What are the signs of respiratory distress in a dog? Respiratory distress among dogs will manifest as labored breathing, coughing, nasal discharge, and fever. Most of the time, dogs suffering from respiratory distress will also exhibit blue-gray colored gums and crackling noise while breathing. Take note that this condition is dangerous and must be given immediate medical attention.
What is respiratory distress in dogs?
Respiratory distress happens when a dog is exposed to heat or vigorous exertion for long periods. It can be mild or acute, the latter being called ‘shock lung.’ Also, dogs that are at the onset of heatstroke will experience respiratory distress.
Brachycephalic or flat-faced dogs are more prone to respiratory distress due to their shorter snouts. Even a brief exposure to direct sunlight will trigger respiratory distress among these canines. Some of these breeds include Pugs, Bulldogs, Shih Tzus, Pitbulls, and so on.
Also, small breeds like Cavalier King Charles Spaniel and Chihuahuas can suffer from respiratory distress since they have lower lungs. These breeds shouldn’t be exposed to excessive physical stimulation as well as heat.
Aside from that, respiratory distress in a dog can happen due to trauma. Blunt force can injure the respiratory tract and can cause aggravated pain.
You should also note that dogs that have been previously diagnosed with asthma and other respiratory problems can suffer from recurring respiratory distress.
Still, short-term respiratory distress among dogs shouldn’t be mistaken with its severe form called Acute Respiratory Distress Syndrome (ARDS). ARDS is life-threatening and has a poor prognosis.
ARDS is the complication of other systemic diseases. It could be pneumonia, pancreatitis, sepsis, and inhalation of foreign matter. Also, dogs that almost drowned may succumb to this condition, much so if not treated right away.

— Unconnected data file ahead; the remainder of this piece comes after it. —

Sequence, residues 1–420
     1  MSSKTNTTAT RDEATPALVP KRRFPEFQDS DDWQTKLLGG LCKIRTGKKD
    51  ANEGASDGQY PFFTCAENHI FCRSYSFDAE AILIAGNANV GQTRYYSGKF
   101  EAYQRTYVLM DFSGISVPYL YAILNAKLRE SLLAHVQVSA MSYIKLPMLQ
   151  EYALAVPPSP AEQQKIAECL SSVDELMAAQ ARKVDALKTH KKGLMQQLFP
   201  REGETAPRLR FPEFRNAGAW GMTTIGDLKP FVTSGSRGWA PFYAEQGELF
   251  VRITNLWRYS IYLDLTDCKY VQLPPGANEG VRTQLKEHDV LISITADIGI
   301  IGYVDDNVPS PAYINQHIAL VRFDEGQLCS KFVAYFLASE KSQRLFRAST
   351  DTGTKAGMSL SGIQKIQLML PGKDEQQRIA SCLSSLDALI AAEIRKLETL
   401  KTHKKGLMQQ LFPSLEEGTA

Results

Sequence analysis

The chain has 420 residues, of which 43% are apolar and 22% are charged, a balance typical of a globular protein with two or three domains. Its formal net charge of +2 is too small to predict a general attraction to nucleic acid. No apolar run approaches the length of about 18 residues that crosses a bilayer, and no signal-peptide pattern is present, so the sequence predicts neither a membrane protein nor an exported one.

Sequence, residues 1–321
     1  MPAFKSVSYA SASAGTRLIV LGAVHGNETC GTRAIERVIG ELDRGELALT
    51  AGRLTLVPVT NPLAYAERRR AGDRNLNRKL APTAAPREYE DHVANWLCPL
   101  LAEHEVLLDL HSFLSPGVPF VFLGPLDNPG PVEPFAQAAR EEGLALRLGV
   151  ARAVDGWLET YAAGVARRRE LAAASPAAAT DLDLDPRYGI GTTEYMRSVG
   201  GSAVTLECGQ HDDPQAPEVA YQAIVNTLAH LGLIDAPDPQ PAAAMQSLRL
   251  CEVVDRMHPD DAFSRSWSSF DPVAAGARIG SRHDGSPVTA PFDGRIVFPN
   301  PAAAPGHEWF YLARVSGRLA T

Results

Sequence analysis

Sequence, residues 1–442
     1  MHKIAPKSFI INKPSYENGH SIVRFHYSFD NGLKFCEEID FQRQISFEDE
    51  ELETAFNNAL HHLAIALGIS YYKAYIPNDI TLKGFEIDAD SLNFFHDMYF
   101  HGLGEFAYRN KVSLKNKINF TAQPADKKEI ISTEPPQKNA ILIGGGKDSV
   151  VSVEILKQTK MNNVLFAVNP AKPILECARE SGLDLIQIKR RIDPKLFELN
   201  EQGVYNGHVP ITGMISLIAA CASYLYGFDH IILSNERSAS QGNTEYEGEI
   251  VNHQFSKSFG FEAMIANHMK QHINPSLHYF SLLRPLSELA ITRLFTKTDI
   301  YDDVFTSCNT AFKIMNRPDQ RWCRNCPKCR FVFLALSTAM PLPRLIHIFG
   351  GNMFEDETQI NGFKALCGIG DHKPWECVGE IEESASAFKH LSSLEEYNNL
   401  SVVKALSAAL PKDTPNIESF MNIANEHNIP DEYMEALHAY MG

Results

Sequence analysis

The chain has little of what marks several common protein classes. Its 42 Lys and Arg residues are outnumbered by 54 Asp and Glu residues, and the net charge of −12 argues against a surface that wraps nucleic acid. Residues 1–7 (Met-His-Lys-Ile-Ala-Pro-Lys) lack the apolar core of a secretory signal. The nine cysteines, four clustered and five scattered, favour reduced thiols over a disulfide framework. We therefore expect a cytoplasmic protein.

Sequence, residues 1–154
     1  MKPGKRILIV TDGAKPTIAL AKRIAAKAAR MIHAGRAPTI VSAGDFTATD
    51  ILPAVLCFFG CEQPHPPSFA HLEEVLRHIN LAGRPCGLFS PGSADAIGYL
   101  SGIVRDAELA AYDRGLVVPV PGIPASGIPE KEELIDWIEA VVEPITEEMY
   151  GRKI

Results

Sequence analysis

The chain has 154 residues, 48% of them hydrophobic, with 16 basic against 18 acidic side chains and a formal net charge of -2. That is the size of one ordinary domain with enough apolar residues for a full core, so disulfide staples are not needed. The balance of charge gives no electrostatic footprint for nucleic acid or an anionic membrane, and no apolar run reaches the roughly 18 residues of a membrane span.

Signs of respiratory distress in dogs
Respiratory distress in dogs will always affect their breathing. Here are some of the symptoms you should watch out for on your dog:
- Labored breathing
- Unwillingness to move
- Discolored gums
- Nasal discharge
Some dogs will also suffer from fever and other adverse symptoms. No matter how mild or severe the respiratory distress is, you must seek medical help for your dog right away. If you suspect that your pooch has this condition, you must bring it to the vet’s clinic as soon as possible.
How to treat respiratory distress among dogs
The very first thing that the vet will do is examine your dog. It’s essential to identify what’s causing respiratory distress so the veterinarian can provide the right treatment.
Generally, the vet will do this to stabilize your dog’s condition:
- Oxygen administration. Before anything else, the vet will secure your dog’s airway. This will prevent the lungs from collapsing and killing the pooch. Depending on the condition, the oxygen can be administered through a traditional mask or via intubation.
- Cooling. If the cause of respiratory distress is heatstroke, it’s essential to cool the dog down. This will allow heat to escape the airway to relax it even more. Cooling will be done carefully to prevent hypothermia.
- Sedation. If necessary, the vet will also administer a sedative to calm your dog further.
Once your dog is stable, the vet will proceed to diagnostics. The upper respiratory examination will be conducted to rule out tracheal disease or any related conditions. It will include the following tests:
- Blood analysis. This is one of the most common tests across vet procedures. For respiratory distress, this is necessary to examine blood gasses.
- Respiratory fluid analysis. The vet will take samples of your dog’s nasal discharge to identify if it has any infection.
- Imaging. Thoracic radiographs, echocardiography, ultrasound, and so on will be conducted to check your dog’s lungs and airway from the inside.
- Fluoroscopy. This is done to detect upper airway collapse that radiographs may not spot.